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Bar Fighting and War Making

During my last visit home the inevitable happened, a fight broke out. From our stools in the corner of our favorite bar, my friends and I watched two young men rage at each other, throw glasses and then punches until a bouncer broke it up. I wondered, who was to blame for this fight?

From what I’ve seen, most post-bar fight scenes are the same. Both sides plead innocence. Whoever swings first accuses the other side of some lesser physical contact, like a shove or they claim that the other guy was “coming at me.” Each side will accuse the other of being overtly aggressive, like he "got up in my face." Both sides will justify themselves by saying their opponent was “talking trash.” Frequently, the classic justification is the “other guy” called their female companion a bitch, or some other derogatory comment.

Each side in a bar fight appeals for innocence through inevitability; be it the other person’s verbal or physical actions, most fighters believe they are justified in their actions. Yes, I am taking fist fighting to legalistic, academic extremes but the point remains: in the vast majority of fights, neither side believes they were in the wrong. At this point, three possibilities could be true:

    1. One side is at fault.
    2. Neither side is at fault.
    3. Both sides are at fault.

Usually only the third option makes sense. People who get in fights tend to get in fights frequently.  Few people are this honest about their intentions. When asked, it is insults and perceived “disrespect” that motivates people to start brawling. The vast majority of people do not get in fights; the difference is when the average person is “slighted” they don’t use it to justify fighting. Therefore, when it comes to bar fights, both sides must have some degree of blame.

Why this meditation on bar fights? Because when soldiers and upper level brass talk about the Global War on Terror, they tell us, "We had this fight thrust upon us." Or as President Bush called the Global War on Terror, "A war we did not start."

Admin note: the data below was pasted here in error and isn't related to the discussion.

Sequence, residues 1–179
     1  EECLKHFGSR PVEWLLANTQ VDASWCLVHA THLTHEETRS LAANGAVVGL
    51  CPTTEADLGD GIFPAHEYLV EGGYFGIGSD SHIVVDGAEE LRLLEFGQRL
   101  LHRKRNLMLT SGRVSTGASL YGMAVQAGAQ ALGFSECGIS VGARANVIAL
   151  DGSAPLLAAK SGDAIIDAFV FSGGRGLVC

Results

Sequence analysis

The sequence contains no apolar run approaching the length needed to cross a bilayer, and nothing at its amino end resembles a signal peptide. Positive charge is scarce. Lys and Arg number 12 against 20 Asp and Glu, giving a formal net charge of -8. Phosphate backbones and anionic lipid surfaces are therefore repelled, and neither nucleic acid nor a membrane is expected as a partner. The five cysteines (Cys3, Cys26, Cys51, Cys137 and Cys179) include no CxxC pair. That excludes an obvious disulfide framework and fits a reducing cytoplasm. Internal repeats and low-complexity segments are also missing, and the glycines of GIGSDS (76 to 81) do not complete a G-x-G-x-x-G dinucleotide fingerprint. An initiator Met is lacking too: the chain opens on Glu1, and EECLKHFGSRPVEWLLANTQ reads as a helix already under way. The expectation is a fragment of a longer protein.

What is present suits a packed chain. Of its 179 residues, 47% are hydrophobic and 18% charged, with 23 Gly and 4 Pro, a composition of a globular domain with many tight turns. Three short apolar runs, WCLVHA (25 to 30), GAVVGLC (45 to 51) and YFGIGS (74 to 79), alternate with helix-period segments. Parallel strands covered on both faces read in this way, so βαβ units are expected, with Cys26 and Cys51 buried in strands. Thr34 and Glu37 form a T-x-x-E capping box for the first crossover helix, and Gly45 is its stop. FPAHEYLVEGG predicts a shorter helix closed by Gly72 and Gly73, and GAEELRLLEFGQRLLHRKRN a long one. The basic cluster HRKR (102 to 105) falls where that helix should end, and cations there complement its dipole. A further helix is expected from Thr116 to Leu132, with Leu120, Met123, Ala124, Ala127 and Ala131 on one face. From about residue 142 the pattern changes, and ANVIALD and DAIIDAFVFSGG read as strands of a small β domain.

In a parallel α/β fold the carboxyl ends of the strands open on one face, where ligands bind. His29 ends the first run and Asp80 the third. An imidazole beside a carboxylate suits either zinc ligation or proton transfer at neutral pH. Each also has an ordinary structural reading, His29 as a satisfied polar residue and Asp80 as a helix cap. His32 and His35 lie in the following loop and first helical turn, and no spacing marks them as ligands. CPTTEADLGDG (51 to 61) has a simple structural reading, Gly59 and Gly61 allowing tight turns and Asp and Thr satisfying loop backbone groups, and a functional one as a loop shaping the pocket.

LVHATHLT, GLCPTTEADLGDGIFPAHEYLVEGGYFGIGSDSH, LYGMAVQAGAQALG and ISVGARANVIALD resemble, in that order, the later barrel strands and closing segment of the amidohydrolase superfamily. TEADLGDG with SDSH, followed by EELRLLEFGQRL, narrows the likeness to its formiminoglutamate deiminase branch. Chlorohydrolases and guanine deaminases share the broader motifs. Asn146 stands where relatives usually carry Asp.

I have ignored opportunities to fight before, could America have ignored the terrorists? Could we have treated them as criminals instead of starting a Global War on Terror? If we can metaphorically get in a bar fight, can we metaphorically walk away?

Iraq tells an oddly similar tale to a bar fight. More than misperceived aggression, it was America’s first preemptive strike.  We had dozens of options about how to respond to Iraq that did not involve war. We had no impending threat; we had a justification to fight and we took it.

Often, the police give up on assigning blame on calls about fights and declare them “mutual combat.” Police officers understand a truth about fighting: each side is to blame.

two comments

How do you “walk away” in the global community. At times it’s possible, but in many circumstances such an act by the government would be considered criminal. Assuming we did have intelligence suggesting Iraq had WMD – which, while many will call that ludicrous in the face of the findings once we invaded, we will never know the truth until all intelligence is disclosed in the future. So I will trust the government’s assertions that we at least least had reason to believe they did – so, assuming that what are our options? Using the bar fight analogy I think this siutation is similar to a man walking around with a weapon of some sort freely telling the room he intends to use it on a certain person’s friend/girlfriend. Does that friend not have the responsibility to do something about it? Does he not at least have the right? Let’s say he calls the police who tell the man to leave the bar and then stand outside. The man doesn’t leave the bar but becomes more aggressive. Suppose the man can’t leave the bar for some reason. How does he “walk away” then? Governments have a responsibility to protect their citizens. If we always wait until we are attacked, or if we fail to stay ahead of our enemies we are in essence sentencing our own civilians to death. Maybe that’s a little extreme, but it is the government’s job to protect us from the outside.


I think the police, in your analogy, are the global community. The police respond to threats, and the global community didn’t feel there was a threat.